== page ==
Personal Finance

Passion Pays: Reach for a ruby rare

Maulik Madhu | Updated on January 19, 2018 Published on January 24, 2016




Serg Zastavkin/

There is no standardised pricing for rubies. Even sky isn’t the limit

Astrologers swear by the mystical powers of the fiery ruby or the ‘Ratnaraj’— king of gemstones. Legends have it that warriors would insert rubies under their skin to make themselves invincible in battles.

Ruby, which symbolises the sun, is believed to bestow upon its wearer good health and strong will power.

But, rubies have cast their spell on non-believers too. Women through the ages have been enchanted by the beauty of these red stones and have been flaunting them on their rings and necklaces.

What adds to the aura of a ruby is its rarity. While quality diamonds of over 3 carats are not hard to come by, the same cannot be said of old fine-quality pigeon blood-red rubies of a similar size. It’s no wonder then that rubies are considered to be among the rarest, if not the rarest gemstones in the world.

Also, unlike diamonds, there is no standardised pricing for rubies. “You might feel that a particular ruby is worth a lakh but another person may be willing to pay up to a crore for it. That’s the amount of price variation that exists in this market,” says Ashok Kadel, CFO, Jugal Kishore, a store that deals in gemstones.

The 3Cs

Nonetheless, the colour, clarity and carat of a ruby are crucial price determinants.

Rubies come in several hues ranging from orange to pinkish to purplish to red and then; the ultimate and the highly revered ‘pigeon blood-red’.

The colour is sometimes an indication of the region to which the ruby belongs.

For instance, a pinkish red ruby is likely to have been sourced from Mozambique.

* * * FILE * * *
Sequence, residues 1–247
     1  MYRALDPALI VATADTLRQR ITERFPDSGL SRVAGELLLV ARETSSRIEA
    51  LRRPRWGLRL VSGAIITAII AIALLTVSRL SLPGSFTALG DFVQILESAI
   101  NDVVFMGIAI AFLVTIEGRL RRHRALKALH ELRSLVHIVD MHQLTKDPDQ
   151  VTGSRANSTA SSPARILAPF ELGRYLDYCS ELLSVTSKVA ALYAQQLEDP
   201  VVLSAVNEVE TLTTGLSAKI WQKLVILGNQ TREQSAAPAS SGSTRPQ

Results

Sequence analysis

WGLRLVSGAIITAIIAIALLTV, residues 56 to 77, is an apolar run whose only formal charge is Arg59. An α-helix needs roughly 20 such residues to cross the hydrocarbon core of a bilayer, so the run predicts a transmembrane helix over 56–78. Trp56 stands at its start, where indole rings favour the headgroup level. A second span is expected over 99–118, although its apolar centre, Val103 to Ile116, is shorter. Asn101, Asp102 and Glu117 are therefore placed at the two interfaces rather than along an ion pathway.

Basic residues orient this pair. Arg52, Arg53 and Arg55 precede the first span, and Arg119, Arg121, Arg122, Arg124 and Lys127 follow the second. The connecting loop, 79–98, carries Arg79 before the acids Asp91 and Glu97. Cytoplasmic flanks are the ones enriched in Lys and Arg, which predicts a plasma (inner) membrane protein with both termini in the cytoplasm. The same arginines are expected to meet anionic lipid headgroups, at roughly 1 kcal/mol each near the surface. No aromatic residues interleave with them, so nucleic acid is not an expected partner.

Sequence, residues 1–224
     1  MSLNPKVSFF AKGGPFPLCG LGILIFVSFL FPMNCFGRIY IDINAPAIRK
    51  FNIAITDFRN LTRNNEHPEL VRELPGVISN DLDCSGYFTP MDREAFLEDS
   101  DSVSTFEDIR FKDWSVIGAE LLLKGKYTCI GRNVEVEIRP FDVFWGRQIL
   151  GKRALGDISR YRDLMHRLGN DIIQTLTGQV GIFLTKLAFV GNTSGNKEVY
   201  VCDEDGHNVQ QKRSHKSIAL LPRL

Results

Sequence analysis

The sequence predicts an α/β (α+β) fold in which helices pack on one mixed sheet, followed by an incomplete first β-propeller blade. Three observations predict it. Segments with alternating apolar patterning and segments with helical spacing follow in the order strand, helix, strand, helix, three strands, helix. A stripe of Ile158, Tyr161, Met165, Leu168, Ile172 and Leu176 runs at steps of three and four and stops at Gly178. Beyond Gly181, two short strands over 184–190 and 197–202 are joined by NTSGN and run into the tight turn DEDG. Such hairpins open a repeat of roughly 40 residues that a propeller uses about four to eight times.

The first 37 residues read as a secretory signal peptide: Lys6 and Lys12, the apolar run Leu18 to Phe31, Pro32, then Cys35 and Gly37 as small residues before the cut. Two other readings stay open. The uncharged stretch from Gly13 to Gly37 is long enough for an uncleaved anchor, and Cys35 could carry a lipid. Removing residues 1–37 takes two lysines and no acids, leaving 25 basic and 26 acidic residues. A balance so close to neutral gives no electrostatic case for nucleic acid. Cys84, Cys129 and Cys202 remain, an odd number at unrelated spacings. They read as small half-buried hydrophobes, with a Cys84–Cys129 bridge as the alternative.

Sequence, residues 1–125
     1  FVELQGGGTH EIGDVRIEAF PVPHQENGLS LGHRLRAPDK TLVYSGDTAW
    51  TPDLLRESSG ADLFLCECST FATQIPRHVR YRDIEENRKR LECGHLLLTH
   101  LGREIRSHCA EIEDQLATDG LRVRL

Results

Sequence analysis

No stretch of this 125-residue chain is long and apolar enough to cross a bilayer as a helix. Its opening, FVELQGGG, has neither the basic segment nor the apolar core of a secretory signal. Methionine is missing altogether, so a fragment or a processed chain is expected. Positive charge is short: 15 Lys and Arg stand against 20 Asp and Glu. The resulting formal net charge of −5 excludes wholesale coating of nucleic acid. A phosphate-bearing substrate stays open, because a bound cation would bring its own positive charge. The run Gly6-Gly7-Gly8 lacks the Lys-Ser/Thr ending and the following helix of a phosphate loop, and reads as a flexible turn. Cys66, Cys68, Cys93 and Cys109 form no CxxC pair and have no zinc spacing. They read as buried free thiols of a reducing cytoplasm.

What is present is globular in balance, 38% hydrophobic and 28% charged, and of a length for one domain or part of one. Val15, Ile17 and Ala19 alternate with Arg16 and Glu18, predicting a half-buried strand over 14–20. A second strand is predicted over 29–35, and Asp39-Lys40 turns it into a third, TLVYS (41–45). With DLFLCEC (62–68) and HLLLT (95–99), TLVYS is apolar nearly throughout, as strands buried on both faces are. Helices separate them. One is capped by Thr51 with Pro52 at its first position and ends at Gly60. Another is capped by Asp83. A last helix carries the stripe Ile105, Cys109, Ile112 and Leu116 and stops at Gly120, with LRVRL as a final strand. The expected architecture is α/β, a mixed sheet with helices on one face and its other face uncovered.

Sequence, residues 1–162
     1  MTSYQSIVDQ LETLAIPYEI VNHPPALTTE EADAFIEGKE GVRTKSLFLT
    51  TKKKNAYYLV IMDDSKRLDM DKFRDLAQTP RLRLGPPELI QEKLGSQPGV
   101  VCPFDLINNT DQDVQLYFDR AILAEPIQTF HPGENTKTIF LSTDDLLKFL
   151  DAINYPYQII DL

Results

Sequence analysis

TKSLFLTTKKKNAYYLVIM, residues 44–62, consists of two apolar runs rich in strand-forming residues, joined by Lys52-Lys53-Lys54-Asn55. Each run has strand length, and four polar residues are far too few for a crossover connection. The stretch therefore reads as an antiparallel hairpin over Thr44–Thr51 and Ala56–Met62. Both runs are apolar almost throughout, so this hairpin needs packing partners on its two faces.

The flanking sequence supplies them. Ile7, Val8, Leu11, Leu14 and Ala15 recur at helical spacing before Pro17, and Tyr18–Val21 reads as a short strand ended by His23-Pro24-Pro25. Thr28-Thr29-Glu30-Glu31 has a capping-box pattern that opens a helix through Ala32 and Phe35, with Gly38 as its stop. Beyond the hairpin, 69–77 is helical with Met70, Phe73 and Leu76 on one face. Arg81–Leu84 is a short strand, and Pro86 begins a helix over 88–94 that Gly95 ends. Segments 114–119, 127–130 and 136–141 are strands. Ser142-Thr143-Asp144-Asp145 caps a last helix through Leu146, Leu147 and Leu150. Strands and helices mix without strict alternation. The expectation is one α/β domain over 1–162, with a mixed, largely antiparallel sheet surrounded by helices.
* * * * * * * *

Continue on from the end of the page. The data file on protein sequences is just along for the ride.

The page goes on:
The presence of flaws or inclusions such as Calcite and Bohemite needles affects the clarity of a ruby. But, they are a necessary evil; their presence certifies the genuineness of a ruby.

That’s because all naturally mined rubies come with some inclusions or colour imperfections and a ruby without any of these is most certainly an artificial one.

But, at the same time, it is the ruby with the least amount of inclusions that is highly valued. The size of a ruby is another critical factor affecting its price.

In fact as the size of a ruby goes up, so does the per carat price which can even rise exponentially.

Making the cut

So, if you are wondering whether the ruby ring passed down to you by your great grandmother is really worth a fortune, consider getting it tested.

There are many laboratories in India (in Jaipur) and abroad that can do that for you.

Today, rubies are mined in Myanmar (new mines), Mozambique, Sudan and Odisha, but most of these are of average quality.

A large number of these rubies find their way to Bangkok, a processing centre where they are heat-treated and then exported to countries, such as India.

The treatment is used for enhancing the colour of the rubies or improving their clarity.

So, unless you own a reasonably good quality Burmese ruby mined from the now-defunct mines, your stone may be worth just a few lakhs of rupees.

In the good old days, rubies from Burma used to be exchanged for spices from South India. “While a five to six carat Burmese ruby produced from the new mines may fetch a maximum of ₹1 lakh, a comparable size old Burmese ruby can cost you a fortune; in fact you may never even get to see such a ruby in your lifetime,” says Ashok Kadel.

R for ruby, rare

But, if you have your heart set on an old Burmese ruby and you have really deep pockets too, you can probably hope to find one at an auction.

Of course, as far as the price goes, you can safely assume that even the sky isn’t the limit.

The ‘Sunrise Ruby’, a pigeon-blood colour exceptionally rare 25.59 carat stone that sold at Sotheby’s last year for $30 million, is the most expensive ruby ever to be auctioned.

Set in a ring with diamonds, the prized ruby fetched a record per-carat price of over $1 million.

The ‘Graff Ruby’, another 8.62 carat gemstone from the famed Mogok region in Myanmar, also known as the ‘Valley of Rubies’ raked in $8 million at a Sotheby’s auction in November 2014.

In fact, as every successive auction proves, the per carat price of these magnificent Burmese rubies only seems to be heading in one direction — up.

That day may not be far when sellers of these priceless red beauties may become as rare as the stones themselves!

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Published on January 24, 2016
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